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Good news for equities. Investors can expect higher liquidity

Good news for equities. Investors can expect higher liquidity

Putting value to one side, the price of an asset cannot rise unless investors buy it. And, in order to buy it, they require liquidity. Tracking global liquidity can go some way to explaining, if not predicting, the path of asset prices.

During the COVID pandemic, global economic policy changes saw government spending surge without a commensurate tax increase. The result was a transformational shift to issue debt to fund the gap. And this change now collides with a structural requirement to issue even more debt. 

Government fiscal burdens will inevitably skyrocket as aging demographics reduce their tax-take, and technological changes, particularly automation, reduces employment income while increasing social welfare obligations. A new epoch for debt markets, and therefore qualitative easing (QE), has emerged and will remain for years.

As macroeconomics research house Crossborder Capital notes, “At circa US 350 trillion Worldwide, debt is already a huge burden…The re-financing demands for liquidity just to roll over existing debts are more than monetary policymakers believe is compatible with restoring low inflation. They also suggest, “To ensure financial stability, how can policymakers supply sufficient liquidity for markets? The solution lies in once again expanding Central Bank balance sheets (QE)…The scale of this task will require greater cooperation between Central Banks and their Finance Ministries.”

Figure 1.  Global Liquidity, weekly, 3 million annualised and 12 million year on year change (%)

Source: Crossborder Capital

As Figures 1. and 2., reveal, global liquidity is bottoming and rising after being flattened over the past 18 months. Once again, financial stability concerns (remember the Silicon Valley Bank collapse?) loosened policy. Predictably, QE will have to accelerate now as recessionary pressures build, and this may be preferred to loosening interest rates, which would reignite animal spirits, undermining the work of the rate rises to date. Under this scenario, interest rates are likely to remain ‘higher for longer’ and QE accelerates as rescuing Silicon Valley Bank transitions to rescuing the US Government’s fiscal quagmire.

Figure 2. Crossborder’s Global Liquidity Index and 65-month cycle

Source: Crossborder Capital

Historically, higher liquidity has been good for equities. A combination of rising liquidity, disinflation and economic growth (albeit anemic) will be very good for stocks, especially those of innovative companies that are growing strongly.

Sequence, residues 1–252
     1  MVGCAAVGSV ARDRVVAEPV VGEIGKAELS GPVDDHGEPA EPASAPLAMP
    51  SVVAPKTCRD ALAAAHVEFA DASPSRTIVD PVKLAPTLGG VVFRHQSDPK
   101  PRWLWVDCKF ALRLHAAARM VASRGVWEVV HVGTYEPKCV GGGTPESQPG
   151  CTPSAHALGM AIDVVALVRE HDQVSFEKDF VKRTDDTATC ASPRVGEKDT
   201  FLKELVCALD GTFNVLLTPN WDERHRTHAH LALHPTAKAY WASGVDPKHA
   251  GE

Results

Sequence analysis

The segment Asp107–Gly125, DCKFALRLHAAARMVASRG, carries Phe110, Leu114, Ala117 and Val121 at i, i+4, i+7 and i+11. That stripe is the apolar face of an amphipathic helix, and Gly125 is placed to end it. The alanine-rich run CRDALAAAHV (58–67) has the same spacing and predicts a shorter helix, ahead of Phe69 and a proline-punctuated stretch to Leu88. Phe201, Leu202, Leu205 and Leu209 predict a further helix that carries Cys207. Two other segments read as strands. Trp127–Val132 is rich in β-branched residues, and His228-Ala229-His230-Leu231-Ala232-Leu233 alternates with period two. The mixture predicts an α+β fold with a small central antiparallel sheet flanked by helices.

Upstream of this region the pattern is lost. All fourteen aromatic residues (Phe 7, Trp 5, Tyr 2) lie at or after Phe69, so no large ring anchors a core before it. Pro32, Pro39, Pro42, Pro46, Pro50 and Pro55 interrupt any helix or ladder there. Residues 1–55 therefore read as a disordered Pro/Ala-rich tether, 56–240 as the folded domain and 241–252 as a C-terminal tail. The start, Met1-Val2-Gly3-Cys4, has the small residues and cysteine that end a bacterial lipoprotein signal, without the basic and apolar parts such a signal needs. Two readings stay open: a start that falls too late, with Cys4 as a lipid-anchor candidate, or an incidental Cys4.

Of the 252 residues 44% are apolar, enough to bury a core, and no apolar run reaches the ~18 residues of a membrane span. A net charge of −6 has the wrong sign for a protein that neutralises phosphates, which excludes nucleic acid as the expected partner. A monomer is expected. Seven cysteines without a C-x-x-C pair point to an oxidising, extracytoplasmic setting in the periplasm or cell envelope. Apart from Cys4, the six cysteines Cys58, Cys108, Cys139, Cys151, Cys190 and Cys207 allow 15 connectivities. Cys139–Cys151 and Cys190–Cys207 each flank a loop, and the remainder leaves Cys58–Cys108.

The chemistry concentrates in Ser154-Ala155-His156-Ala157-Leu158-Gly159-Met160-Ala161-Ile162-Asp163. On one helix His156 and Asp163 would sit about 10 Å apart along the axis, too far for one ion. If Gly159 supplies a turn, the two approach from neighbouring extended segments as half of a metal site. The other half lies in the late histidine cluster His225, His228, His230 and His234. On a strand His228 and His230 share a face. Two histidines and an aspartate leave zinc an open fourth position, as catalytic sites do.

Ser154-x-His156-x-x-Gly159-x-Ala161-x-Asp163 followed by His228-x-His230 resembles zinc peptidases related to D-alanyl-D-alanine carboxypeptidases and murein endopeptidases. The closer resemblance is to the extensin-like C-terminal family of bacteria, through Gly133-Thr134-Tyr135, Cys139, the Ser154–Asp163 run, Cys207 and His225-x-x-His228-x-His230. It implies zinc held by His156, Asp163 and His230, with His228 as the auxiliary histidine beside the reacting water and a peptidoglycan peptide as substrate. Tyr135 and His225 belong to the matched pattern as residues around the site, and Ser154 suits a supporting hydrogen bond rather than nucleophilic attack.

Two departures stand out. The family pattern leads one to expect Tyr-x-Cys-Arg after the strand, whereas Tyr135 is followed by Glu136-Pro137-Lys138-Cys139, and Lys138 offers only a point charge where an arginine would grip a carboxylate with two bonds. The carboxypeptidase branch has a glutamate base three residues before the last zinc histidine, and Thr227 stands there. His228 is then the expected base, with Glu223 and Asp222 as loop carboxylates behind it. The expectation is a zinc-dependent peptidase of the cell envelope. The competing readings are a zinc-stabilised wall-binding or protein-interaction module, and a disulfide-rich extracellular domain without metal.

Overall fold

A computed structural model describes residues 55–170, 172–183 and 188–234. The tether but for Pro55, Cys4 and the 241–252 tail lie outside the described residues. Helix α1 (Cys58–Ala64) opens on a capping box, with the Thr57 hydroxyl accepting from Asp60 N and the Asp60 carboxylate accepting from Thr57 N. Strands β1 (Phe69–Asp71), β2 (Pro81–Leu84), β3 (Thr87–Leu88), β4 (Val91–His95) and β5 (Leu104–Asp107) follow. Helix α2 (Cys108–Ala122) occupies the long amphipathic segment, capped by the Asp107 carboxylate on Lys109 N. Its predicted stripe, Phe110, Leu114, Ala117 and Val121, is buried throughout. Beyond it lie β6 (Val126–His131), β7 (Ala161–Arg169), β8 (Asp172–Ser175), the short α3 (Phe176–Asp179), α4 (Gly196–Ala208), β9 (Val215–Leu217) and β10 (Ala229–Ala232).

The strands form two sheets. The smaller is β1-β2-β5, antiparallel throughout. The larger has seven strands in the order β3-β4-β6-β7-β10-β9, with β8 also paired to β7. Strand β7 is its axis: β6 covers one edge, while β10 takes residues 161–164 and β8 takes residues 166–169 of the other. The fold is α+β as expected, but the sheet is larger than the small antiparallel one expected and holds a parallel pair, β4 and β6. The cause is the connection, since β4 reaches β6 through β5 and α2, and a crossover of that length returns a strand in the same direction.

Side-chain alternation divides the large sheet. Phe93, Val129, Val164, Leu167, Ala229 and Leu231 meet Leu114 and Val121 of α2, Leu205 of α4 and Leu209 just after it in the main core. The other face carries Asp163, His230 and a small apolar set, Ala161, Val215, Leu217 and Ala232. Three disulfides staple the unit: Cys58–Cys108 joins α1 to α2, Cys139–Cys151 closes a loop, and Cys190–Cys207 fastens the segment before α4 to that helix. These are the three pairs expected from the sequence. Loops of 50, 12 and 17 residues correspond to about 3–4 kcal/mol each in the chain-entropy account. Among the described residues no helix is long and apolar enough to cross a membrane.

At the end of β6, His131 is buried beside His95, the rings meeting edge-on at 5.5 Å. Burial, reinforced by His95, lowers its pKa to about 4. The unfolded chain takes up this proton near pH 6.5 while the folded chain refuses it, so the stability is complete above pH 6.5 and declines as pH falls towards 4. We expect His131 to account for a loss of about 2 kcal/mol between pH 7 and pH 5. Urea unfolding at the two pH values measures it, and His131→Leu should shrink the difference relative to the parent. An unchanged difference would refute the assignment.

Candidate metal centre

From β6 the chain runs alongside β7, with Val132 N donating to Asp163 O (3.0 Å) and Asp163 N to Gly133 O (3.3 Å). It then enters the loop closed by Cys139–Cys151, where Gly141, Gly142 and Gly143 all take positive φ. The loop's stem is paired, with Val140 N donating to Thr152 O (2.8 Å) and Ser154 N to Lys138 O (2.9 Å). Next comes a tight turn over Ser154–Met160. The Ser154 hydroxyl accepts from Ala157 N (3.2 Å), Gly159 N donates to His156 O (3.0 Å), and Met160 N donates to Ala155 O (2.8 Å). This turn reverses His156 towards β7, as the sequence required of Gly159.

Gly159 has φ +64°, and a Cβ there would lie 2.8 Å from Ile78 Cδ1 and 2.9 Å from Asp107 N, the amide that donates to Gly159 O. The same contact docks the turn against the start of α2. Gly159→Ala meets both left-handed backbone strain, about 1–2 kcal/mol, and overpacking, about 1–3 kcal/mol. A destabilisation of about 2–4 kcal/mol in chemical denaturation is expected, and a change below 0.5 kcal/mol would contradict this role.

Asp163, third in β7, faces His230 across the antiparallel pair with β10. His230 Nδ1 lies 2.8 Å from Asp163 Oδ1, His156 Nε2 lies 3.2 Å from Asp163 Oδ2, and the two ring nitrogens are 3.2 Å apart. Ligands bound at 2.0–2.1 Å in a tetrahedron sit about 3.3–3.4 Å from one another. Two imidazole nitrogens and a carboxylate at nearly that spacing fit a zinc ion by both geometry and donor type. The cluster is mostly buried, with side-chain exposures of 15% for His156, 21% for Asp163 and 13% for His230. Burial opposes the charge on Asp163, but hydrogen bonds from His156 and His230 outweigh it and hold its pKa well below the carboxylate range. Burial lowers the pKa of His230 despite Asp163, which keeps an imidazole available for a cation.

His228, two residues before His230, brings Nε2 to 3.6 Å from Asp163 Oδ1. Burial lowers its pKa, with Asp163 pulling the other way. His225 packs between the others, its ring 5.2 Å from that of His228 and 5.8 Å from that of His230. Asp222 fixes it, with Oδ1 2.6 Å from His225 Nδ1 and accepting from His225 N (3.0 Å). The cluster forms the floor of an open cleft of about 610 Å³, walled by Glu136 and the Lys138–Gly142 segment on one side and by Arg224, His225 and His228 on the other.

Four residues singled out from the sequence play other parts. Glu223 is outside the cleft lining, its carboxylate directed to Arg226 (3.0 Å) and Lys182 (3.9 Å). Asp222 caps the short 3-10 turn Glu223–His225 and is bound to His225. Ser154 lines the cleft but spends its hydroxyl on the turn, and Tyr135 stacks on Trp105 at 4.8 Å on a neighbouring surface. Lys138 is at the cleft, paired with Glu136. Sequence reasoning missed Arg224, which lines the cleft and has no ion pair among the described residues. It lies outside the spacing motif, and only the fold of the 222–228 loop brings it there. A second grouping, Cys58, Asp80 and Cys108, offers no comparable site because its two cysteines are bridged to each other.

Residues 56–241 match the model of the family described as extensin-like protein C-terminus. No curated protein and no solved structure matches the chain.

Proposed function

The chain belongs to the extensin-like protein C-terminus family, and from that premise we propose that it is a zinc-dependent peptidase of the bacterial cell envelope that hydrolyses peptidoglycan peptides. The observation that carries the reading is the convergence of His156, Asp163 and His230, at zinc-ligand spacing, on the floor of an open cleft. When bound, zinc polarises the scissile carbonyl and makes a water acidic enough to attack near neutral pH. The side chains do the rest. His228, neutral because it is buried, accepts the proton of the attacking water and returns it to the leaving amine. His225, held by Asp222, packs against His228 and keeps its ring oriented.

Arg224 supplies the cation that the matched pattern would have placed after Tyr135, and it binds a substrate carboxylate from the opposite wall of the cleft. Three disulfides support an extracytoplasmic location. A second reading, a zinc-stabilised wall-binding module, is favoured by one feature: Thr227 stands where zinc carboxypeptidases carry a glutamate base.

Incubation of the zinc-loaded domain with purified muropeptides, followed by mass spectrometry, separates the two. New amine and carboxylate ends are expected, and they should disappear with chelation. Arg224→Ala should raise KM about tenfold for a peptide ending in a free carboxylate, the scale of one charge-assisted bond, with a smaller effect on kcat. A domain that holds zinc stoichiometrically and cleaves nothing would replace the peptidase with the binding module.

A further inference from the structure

As I noted in early 2022, “a contracting U.S. Federal Reserve balance sheet (tapering or shrinking) tends to produce lower returns for S&P500 equity investors. Importantly, except for the COVID-19 sell-off in 2020, every period of negative year-on-year returns for the S&P500 since 2010 coincided with tapering balance sheet growth or a shrinking balance sheet.

According to CrossBorder’s correlated wave/cycle, liquidity will keep rising for the next three years, and into 2026.

As we know, the return from investing in the shares of a company that grows its Earnings Per Share (EPS) by 15 per cent, at the same Price Earnings (P/E) ratio as which it is sold, produces a return to the investor that equals the REPS growth rate (15 per cent). That knowledge compels the investor to buy the shares of businesses able to grow.

The return, however, can be higher if the P/E expands. And on that front, it’s interest rates and inflation that will determine whether P/Es expand over the next three years.

Figure 3. 5-year CAPE and 5-year CPI% (inverted)

Figure 3., reveals a good correlation between inflation (inverted) and P/E ratios, in this case, measured with the five-year Cyclically Adjusted PE Ratio (CAPE). There is an inverse relationship between inflation and the P/E ratio. Generally, investors are willing to pay more for a stock’s dollar of earnings when inflation is low, driving the P/E ratio higher. On the other hand, when inflation is accelerating, investors aren’t willing to pay as much for each dollar of a stock’s earnings, forcing the P/E ratio lower.

As I explained back in February 2022, “Whenever inflation or interest rates have risen over the last four decades, the multiple of earnings investors have been willing to pay for shares has declined.” The reverse is also true.  Disinflation will promote higher P/E ratios.